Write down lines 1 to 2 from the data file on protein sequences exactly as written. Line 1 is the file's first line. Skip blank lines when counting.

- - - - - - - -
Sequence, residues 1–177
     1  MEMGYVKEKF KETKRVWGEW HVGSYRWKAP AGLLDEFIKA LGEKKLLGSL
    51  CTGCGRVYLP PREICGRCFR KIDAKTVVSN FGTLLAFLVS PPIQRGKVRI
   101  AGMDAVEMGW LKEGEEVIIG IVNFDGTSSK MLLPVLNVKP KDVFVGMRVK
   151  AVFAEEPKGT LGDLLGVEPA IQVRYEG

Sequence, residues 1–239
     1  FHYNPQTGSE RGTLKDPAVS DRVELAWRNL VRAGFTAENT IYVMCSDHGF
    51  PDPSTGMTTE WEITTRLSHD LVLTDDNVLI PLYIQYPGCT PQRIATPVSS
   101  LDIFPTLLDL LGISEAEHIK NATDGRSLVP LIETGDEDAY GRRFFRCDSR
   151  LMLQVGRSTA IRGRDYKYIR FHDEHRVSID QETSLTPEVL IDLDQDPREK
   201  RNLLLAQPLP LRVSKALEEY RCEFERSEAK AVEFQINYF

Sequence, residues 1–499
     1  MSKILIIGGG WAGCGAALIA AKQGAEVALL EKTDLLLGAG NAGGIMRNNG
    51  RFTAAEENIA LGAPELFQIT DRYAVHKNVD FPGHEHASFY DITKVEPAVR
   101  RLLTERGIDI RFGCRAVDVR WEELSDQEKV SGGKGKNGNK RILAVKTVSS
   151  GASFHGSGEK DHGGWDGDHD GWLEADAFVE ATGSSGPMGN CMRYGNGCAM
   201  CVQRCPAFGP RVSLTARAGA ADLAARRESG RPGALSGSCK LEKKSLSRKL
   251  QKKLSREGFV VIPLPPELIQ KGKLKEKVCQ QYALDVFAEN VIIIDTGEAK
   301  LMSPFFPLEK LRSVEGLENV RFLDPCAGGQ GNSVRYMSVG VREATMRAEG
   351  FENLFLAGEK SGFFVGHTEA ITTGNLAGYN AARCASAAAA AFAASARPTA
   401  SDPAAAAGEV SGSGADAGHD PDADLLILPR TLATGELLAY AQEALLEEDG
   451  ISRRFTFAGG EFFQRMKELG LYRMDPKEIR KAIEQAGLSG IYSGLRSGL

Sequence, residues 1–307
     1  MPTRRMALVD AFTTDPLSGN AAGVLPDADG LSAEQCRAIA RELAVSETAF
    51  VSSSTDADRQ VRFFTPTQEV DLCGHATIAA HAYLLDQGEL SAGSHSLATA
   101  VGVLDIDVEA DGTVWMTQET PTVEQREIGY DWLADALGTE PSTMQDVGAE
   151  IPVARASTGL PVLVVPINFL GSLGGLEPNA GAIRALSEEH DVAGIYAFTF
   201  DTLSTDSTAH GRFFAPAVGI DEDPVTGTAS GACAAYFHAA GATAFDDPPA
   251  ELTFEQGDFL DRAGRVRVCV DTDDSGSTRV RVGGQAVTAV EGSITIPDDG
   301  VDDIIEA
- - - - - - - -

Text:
Sequence, residues 1–177
     1  MEMGYVKEKF KETKRVWGEW HVGSYRWKAP AGLLDEFIKA LGEKKLLGSL